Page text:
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Scrum is Hard! (Scrum is fun!)

by Joe Little, 7 September 2013 | The Agile Blogosphere

This content is syndicated from LeanAgileTraining by Joe Little. To view the original post in full, click here.

The classic phrase from Sutherland and Schwaber is: Scrum is simple, but Scrum is hard.

And yet, with almost any decent Team, Scrum is fun. Unless the personal chemistry is dysfunctional.

So: If I don’t warn you  that Scrum is Hard, I am lying.

But if I don’t ‘warn’ you that Scrum will be fun, I am also lying.

OK, but why is Scrum hard?  Here are a few reasons. There are other ways to put it. And probably other reasons.

1. A person does not want to admit that he is imperfect.

Very common, right? And understandable. So, when you see and talk about imperfections, find some way not to let people get defensive.

2. People don’t like to admit that ‘we’ are imperfect.

From a certain point of view, this is silly. But it is also how humans are. We don’t like to ‘air our dirty linen’ we sometimes say.

So, this can be a hard thing to change. Again, a lot of it is how we talk about it. So, one cliche is that we phrase it as ‘opportunities for improvement’.  Sometimes very useful.

The key here: Scrum makes obvious lots of personal, team and organizational ‘problems’ or impediments. Makes them very obvious. And some people find this very very hard. And for us Scrum guys, getting those people not to make a mess can be very hard.

3. Change

Scrum is a change. And Scrum demands more changes.

And any change is often hard. You surely have experienced this many times personally.

Now, for a given person, some changes are felt as good. So, not everyone every day will find that changes of Scrum hard. But almost always someone, to some degree finds ‘the change’ hard.

Be sympathetic, to some degree. Bend them, but don’t break them. The next key statement is: Most people don’t resist change, they resist most being changed (by you).

4. Pressure or Stress

Our business of new product development is, by its nature, somewhat stressful.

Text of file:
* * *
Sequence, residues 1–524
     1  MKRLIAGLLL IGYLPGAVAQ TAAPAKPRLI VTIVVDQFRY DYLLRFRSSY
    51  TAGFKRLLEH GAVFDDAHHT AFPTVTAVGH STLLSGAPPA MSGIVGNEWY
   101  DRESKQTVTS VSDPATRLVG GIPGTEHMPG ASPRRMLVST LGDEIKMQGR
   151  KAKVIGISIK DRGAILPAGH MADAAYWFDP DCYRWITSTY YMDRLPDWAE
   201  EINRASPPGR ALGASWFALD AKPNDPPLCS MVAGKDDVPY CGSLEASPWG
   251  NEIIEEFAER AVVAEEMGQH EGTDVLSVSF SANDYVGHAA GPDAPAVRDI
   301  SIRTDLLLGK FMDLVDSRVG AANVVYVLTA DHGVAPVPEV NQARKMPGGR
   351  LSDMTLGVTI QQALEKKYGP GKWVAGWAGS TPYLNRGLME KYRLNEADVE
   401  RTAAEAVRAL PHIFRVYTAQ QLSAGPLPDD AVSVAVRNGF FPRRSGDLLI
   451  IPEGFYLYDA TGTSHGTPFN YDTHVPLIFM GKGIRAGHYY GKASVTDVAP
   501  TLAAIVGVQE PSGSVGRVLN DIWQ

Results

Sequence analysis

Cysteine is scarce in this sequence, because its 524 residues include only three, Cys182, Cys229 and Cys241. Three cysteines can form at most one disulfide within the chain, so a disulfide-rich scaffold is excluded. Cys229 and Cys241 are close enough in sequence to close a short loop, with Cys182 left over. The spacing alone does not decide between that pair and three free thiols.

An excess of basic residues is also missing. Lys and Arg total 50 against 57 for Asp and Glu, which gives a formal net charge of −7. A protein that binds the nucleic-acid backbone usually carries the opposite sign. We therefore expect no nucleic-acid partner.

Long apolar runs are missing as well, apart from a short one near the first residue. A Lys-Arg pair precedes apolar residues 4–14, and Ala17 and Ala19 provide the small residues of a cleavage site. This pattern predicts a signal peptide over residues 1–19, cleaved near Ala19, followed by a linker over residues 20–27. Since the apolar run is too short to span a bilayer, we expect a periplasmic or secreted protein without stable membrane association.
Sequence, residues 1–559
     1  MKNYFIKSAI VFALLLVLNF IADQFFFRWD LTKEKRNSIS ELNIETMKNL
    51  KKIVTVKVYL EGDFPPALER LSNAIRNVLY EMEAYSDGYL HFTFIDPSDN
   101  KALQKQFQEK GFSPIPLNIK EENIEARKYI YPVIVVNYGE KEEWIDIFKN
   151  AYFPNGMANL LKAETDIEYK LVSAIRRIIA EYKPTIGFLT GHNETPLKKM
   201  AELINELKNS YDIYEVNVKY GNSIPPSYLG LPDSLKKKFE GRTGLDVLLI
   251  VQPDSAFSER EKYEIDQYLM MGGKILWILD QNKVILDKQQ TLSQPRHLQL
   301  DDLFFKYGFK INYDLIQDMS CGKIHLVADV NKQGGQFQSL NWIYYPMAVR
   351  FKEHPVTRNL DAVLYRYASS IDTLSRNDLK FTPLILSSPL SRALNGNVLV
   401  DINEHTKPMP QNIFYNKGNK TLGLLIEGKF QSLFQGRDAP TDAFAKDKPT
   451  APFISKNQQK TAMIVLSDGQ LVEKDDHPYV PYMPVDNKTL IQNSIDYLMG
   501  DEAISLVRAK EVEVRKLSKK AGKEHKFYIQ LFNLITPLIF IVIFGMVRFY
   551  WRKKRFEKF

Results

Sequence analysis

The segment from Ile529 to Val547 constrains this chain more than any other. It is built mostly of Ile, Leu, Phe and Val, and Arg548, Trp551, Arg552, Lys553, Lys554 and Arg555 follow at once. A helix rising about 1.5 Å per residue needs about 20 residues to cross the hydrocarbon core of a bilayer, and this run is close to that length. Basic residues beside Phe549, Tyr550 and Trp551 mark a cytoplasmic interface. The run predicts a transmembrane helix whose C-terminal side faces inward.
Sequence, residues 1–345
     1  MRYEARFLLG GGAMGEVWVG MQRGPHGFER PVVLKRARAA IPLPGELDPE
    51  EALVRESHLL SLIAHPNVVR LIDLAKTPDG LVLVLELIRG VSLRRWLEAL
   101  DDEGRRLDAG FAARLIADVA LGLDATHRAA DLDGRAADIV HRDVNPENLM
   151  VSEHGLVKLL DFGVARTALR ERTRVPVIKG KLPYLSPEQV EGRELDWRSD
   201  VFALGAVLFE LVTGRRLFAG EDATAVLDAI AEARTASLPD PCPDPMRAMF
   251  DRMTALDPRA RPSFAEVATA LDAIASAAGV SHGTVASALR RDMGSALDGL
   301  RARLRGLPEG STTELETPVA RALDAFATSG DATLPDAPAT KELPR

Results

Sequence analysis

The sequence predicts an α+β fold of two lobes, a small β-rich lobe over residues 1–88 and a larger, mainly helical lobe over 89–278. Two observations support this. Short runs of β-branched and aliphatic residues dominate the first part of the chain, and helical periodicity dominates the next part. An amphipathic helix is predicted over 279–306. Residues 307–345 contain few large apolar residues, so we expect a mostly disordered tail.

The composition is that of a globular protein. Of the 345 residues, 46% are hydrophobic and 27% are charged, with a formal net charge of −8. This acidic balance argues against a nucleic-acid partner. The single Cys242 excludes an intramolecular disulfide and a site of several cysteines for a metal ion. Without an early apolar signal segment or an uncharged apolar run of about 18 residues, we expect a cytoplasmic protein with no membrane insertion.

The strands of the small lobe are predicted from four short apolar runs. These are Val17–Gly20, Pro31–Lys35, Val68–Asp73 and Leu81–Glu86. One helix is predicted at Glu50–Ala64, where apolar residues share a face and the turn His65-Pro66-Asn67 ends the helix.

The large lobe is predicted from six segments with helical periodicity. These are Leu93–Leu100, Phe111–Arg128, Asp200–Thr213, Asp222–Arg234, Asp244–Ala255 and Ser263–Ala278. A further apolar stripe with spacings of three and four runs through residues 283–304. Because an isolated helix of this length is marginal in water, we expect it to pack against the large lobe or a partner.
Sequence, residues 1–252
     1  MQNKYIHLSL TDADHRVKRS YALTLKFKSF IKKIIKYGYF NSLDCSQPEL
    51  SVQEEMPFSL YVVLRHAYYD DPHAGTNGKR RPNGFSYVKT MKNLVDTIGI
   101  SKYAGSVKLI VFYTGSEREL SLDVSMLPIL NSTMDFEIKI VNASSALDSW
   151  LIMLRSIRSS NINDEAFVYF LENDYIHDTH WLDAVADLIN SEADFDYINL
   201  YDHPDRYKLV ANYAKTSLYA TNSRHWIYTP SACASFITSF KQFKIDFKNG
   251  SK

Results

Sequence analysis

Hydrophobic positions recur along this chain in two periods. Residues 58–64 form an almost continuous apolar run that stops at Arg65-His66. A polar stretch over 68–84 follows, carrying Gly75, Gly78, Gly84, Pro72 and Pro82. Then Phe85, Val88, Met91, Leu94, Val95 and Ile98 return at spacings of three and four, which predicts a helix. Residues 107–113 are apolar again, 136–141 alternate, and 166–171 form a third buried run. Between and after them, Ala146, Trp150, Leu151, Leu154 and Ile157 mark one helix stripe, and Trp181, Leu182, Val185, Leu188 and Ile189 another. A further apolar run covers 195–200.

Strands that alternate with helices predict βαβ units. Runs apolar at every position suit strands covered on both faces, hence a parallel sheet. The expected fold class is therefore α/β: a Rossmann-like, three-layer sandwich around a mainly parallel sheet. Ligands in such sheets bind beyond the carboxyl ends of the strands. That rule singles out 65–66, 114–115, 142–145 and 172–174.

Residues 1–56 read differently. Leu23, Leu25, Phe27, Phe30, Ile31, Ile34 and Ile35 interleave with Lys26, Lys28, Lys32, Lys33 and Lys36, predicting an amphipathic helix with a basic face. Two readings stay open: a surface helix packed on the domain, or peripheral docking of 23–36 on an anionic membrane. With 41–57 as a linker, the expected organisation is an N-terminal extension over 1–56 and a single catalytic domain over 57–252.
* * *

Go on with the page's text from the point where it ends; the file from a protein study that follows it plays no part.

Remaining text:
New products MUST be built ‘quickly’ or ‘on time’.  Time, and quickly delivery are fundamental.

In the old waterfall way, the stress was ‘controlled’ a certain way.  Usually low for a long time, and then very high at the end.  Typically.  In Scrum, the stress is continual, all along the way.

Some people think Sprint means that stress is too HIGH every sprint. (That is not what the word was meant to convey.)

Really, with Scrum the Team is supposed to have ‘positive’ stress (you can google that is you don’t know the concept). And bad stress is supposed to be eliminated. But life is never quite that simple.

So, as you introduce Scrum, you must actively manage that they understand and execute on the ‘stress’ ideas in the proper way.  Much too often, ‘Scrum’ is used to just beat up on the Team continually.  (Or at least that’s how they hear it.)  In many ways, Scrum was designed to SAVE the Team from the Death March. So this ‘beating up’ is rather ironic.

But also ironic is the notion that the Team with Scrum should have zero stress. That time magically has no importance suddenly. This is of course not true. The full team is faced with the business problem of delivering something useful in a reasonable time.  They may or may not be able to do it in a specific situation (eg, company and product), but that fundamental pressure is unavoidable in our business.

5, People Types

A few Myers-Briggs types will find Scrum ‘uncomfortable’ or hard.

Those types may have been fairly satisfied (even if unproductive) in the ‘regularity’ and ‘control’ of waterfall. But Scrum exposes that our business actually has a fair amount of ‘chaos’.  Makes that much more obvious.  And a small percentage of people will find this too uncomfortable for their Type.

In the long term, this is a good thing.  People get reallocated to work that suits them better. But in the short term, it can be hard.

6. Skill Development Feels Endless

We know from any sport that even for ‘simple’ sports it takes years to develop into a true professional.

Scrum, in a similar way, exposes that development into a professional product development person (whether business or technology side) takes time.

And learning and playing the simple sport of Scrum takes years to master as well. Years. Years of hard practice. And this realization can be discomforting to some.

In truth, this was always true in a way. But waterfall kind of hid this truth to a fair degree. And one could feel ‘advanced’ much sooner. It was an illusion, but it seemed to be true then.

So, while this can seem hard, I am not convinced that it is really hard.

But you have seen already that almost all of what I have called ‘hard’ is mainly inside the heads of people. It is not ‘externally’ hard (mostly), but rather internally hard. Or subjectively hard.

7. Impediment Removal

Getting groups of people to remove impediments often feels very very hard.

And it is. All work in life is hard in some sense. And when we are inexpert at some things, they definitely feel very hard at first.

But with impediments, we tyoically also must get other people to ‘assist’ or go along in some way. And that can be very very hard.

Very useful, but very hard.

***

So, there are a few ‘hard’ things about Scrum.

I would be interested in your thoughts on why Scrum is hard.  I have not used the word ‘culture’ yet, and expect some of you to use it.

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